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Internal Market, Industry, Entrepreneurship and SMEs

Gas appliances sector

The gas appliances sector plays an important role in the EU economy and is estimated to employ around half a million people. Recent studies have shown that the current EU stock of gas appliances is 470 million and growing, with more than 30 million units being sold annually.

The sector, regulated by Regulation (EU) 2016/426 on appliances burning gaseous fuels (GAR) (which has replaced Directive 2009/142/EC as from 21 April 2018), covers a wide range of products, from simple portable cookers to boilers for big buildings, concerning mainly common consumer and commercial appliances that burn gaseous fuels.

The GAR contributes considerably to the smooth functioning of the single market by ensuring the free movement of appliances burning gaseous fuels, through harmonisation of the conditions for the placing on the market and/or putting into service of products covered with regard to gas safety and rational use of energy.

Challenges faced by the sector

There is a strong demand amongst the sector's stakeholders for ensuring consistency of the legal provisions which are commonly used in EU product harmonisation legislation to better define the obligations of economic operators and to reinforce market surveillance to protect business against unfair competition.

As response to this need, the 'New legislative framework' for marketing of products was designed to help the internal market for goods work better and to strengthen and modernize the conditions for placing a wide range of industrial products on the EU market.

Moreover, the gas appliances manufacturing industry emphasises the need for a stable, predictable, coherent and simpler/smarter regulatory environment.

What the Commission is doing

The European Commission promotes the global and sustainable competitiveness of the gas appliances sector by assessing the challenges and taking necessary action.

The Commission coordinates and monitors the implementation and interpretation of the Gas Appliances Regulation, as well as managing the sector's standardisation work.

Contact points

Links to other Commission websites

Unregulated certificates warning

Unregulated certificates, which are often called ‘voluntary certificates’ besides other names, are often issued for some products covered by EU harmonisation legislation by certification bodies not acting in their capacity as notified bodies under EU law. These practices are misleading since only notified bodies may issue certificates of compliance for harmonised products and only in the area for which they are notified. For example, if a body is notified to issue certificates for machinery, it should not issue certificates (voluntary or other) for non-machinery products (such as personal protective equipment – masks).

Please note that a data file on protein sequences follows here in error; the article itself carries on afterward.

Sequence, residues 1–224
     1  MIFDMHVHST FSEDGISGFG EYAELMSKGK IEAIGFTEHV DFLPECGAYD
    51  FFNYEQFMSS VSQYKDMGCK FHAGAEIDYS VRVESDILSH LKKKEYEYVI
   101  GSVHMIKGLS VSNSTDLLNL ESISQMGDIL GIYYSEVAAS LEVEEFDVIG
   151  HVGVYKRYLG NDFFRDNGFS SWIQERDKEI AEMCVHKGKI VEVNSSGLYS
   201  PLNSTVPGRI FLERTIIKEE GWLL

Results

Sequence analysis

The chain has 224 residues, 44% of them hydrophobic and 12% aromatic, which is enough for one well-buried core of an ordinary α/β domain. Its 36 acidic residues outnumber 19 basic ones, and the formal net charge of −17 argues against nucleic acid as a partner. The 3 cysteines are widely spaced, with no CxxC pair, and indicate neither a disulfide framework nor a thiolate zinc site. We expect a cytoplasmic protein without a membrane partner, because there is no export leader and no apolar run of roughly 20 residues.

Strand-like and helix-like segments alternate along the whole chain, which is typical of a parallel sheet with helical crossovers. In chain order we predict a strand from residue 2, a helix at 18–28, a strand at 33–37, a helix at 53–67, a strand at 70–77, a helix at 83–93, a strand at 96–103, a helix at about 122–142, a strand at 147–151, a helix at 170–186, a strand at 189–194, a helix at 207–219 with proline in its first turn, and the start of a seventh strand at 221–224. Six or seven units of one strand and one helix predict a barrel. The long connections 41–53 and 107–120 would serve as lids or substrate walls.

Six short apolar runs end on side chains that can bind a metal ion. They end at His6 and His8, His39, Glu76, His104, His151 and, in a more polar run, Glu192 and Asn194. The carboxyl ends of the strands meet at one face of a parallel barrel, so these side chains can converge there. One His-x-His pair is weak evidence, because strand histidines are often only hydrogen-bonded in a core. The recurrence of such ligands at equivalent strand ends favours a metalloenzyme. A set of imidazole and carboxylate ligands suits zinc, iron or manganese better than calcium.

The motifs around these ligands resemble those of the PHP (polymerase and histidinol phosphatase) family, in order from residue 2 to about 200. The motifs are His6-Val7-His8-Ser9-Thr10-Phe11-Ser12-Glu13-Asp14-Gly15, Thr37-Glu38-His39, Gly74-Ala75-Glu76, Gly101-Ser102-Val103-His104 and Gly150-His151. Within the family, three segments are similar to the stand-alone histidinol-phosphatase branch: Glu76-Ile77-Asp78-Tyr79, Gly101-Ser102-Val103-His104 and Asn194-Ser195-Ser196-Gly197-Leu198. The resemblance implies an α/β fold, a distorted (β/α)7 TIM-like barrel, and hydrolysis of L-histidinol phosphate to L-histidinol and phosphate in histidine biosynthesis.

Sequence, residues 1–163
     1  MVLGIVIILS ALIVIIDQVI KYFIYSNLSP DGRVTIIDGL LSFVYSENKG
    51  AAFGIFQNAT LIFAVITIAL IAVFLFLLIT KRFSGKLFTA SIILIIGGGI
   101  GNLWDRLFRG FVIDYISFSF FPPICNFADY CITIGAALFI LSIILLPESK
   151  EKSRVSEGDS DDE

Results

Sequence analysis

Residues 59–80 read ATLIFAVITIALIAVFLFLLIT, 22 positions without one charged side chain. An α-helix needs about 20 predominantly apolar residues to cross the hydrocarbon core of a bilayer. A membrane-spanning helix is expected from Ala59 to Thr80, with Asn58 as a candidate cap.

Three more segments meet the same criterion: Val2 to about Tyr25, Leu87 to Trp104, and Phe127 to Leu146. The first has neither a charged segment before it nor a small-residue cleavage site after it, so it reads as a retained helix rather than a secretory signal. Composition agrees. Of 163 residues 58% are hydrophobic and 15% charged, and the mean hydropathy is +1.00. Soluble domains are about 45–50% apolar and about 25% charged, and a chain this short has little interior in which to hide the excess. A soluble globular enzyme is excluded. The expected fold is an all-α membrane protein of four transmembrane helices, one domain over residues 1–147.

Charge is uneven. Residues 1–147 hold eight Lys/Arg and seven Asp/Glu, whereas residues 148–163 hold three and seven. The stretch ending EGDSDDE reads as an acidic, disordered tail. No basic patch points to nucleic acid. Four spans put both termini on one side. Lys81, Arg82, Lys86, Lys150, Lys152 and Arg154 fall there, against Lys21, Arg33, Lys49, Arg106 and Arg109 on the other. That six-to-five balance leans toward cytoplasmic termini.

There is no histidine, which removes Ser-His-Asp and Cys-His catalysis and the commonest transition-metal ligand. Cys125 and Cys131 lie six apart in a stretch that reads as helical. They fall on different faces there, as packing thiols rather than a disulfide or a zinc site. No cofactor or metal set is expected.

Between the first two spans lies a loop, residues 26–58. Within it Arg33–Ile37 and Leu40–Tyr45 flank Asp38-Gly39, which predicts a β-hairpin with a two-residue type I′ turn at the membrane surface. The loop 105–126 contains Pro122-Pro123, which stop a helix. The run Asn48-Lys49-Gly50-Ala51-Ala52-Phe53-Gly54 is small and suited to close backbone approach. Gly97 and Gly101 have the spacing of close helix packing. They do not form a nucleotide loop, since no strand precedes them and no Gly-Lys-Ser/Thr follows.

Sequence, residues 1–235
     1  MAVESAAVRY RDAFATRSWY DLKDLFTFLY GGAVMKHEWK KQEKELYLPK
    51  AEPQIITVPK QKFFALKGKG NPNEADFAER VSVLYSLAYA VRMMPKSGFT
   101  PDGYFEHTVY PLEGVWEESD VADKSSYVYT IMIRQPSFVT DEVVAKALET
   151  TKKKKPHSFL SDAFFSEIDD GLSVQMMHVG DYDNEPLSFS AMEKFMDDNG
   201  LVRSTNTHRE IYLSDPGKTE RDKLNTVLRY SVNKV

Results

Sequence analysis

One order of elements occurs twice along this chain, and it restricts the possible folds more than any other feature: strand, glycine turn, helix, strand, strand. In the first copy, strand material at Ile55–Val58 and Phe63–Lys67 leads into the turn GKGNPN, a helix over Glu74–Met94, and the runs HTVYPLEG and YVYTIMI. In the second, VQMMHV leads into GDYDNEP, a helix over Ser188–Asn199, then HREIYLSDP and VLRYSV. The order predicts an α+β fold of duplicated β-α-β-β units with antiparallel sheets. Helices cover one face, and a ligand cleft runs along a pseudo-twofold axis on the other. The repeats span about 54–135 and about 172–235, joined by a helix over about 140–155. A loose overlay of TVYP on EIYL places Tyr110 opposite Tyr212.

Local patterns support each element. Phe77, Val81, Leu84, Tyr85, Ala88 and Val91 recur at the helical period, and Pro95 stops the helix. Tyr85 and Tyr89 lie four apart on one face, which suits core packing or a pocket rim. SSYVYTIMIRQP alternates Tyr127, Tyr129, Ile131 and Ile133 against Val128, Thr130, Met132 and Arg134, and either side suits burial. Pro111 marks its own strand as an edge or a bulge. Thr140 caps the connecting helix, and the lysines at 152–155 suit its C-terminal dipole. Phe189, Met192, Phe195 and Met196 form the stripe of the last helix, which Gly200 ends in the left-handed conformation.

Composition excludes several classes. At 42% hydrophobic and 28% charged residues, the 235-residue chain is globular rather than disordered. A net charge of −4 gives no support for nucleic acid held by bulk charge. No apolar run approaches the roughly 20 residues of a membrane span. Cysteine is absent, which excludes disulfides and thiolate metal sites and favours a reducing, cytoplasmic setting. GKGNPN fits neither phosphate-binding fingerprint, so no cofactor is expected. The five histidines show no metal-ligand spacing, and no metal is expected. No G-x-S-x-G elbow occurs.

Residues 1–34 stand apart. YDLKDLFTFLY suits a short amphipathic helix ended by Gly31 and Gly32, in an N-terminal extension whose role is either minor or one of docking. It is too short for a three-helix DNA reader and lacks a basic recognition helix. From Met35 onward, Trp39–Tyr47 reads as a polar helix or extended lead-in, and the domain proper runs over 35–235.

Please note that, under EU law, voluntary or other additional certificates are not a recognised means to prove compliance. Consequently, they have no value in the case of checks by market surveillance authorities or customs. However, an exception arises in instances where voluntary certification is outlined in specific legislation. In such cases, while the certificate is not obligatory, it must adhere to explicit requirements if chosen to be acquired.

Voluntary certificates can create the impression that the product conforms with applicable EU harmonisation legislation, although such certificates are not issued by an authorised body.

Voluntary certificates must not be confused with third-party conformity assessment certification by notified bodies within the area for of competence for which they are notified, due to the use of terms such as ‘certification’ or ‘independent third party’ or the presence of the CE marking on the certificate.

CE marking can only be affixed after testing the product and performing the conformity assessment procedure prescribed by the applicable EU harmonisation legislation. It is not acceptable for voluntary certificates to bear a CE marking.